When the sanctuary was declared in 1974 in Karnataka state, the local people living in the forest—mostly Soliga adivasi—were forcibly relocated to colonies along the main road or on the periphery of the reserve. They were banned from practicing shifting cultivation, setting fire to the forest (part of their traditional management practice), and hunting animals. 

The Soligas used fire annually, just before the monsoons, to maintain the forest as a woodland savanna and source of food. The ecology of the woodland savanna was therefore closely linked to human practice, but the system was disrupted by the conservation restrictions that came with the BRT. The ban on fires created a denser forest riddled with weeds—resulting in adverse ecological impacts that can only be reversed with immediate action.

"Fortress" conservation models are leaving out some of our best environmental stewards.


There is a close relationship between forest sustainability and the recognition of indigenous rights, which enables Indigenous Peoples to continue acting as guardians of ecosystems and species. In Peru, for instance, legal recognition of community forest rights reduced deforestation and disturbance by as much as 81 percent in the year following titling, and by 56 percent the year after; in other words, securing land rights can lead to immediate environmental benefits.

However, in Peru’s Manu National Park, indigenous communities have been largely ignored and their customary practices suppressed. This can clearly be seen in the zoning of the Manu National Park and its many restrictions, in which biodiversity conservation is prioritized over recognizing indigenous rights, including the titling of their lands. However, the administration of the Manu National Park is now moving toward a social model in which the indigenous population is an integral part of the park and its welfare.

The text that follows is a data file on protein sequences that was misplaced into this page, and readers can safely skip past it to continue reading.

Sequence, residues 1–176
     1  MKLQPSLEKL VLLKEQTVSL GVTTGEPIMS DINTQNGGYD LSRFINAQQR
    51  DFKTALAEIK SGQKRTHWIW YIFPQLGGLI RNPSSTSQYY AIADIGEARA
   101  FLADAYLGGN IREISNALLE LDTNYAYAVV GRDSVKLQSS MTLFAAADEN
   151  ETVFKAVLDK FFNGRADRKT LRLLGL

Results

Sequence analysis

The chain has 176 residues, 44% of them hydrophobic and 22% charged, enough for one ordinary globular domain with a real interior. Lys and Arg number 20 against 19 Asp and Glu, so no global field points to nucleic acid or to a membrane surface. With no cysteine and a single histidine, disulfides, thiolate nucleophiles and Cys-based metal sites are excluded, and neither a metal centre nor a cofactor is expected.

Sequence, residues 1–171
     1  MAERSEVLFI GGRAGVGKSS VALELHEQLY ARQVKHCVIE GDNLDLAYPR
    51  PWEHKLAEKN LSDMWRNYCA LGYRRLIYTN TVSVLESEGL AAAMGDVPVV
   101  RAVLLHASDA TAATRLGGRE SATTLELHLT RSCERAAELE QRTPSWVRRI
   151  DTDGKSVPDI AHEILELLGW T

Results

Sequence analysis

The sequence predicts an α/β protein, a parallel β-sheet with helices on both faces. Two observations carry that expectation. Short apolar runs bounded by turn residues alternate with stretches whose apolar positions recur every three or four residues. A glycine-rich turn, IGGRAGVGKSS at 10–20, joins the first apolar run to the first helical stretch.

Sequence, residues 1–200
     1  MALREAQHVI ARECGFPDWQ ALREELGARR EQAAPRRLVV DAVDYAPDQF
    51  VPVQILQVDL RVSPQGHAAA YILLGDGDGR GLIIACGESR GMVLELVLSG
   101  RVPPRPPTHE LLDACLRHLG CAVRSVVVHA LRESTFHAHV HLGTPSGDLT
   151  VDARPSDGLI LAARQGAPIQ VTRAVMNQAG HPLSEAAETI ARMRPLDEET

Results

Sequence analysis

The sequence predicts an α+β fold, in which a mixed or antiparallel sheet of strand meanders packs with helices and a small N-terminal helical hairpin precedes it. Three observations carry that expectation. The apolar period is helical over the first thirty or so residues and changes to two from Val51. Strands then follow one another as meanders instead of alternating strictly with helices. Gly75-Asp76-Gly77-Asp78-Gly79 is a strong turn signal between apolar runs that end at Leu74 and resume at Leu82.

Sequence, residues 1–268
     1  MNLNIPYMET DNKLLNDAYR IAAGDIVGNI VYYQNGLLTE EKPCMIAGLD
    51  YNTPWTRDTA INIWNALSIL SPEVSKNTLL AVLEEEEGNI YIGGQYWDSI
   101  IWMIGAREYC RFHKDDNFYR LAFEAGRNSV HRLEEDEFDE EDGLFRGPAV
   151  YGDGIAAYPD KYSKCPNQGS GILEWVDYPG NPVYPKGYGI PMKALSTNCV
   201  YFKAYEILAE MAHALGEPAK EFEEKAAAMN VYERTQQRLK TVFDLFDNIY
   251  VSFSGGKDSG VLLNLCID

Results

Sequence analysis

The problem of overlap: conservation policies often override commitments to indigenous rights.


Panama’s Darién National Park was the first national park in Central America to recognize and include cultural diversity and the role of Indigenous Peoples in its management, and the customary tenure of indigenous inhabitants is accepted in part of the park.

Yet, despite these progressive actions, the government has yet to recognize a number of the customary lands of Indigenous Peoples because of their location in, or proximity to, the park. The Ministry of Environment has held up titling for over two years, with more than two-thirds of indigenous land claims across the country pending due to overlaps. The situation has become a major bottleneck in the recognition of indigenous land rights in Panama.


A new approach is needed for effective and equitable conservation.


As countries move to address this historic imbalance of power, protected area co-management plans should not only include Indigenous Peoples, but also reflect their cosmovision and traditional practices, and include investment in community planning, natural resource management, and sustainable livelihoods. Critically, conservation efforts and community rights do not need to be at odds with each other. Rather, recognizing communities as partners in conservation can complement traditional park management strategies—both benefiting local livelihoods and bolstering our collective fight against climate change.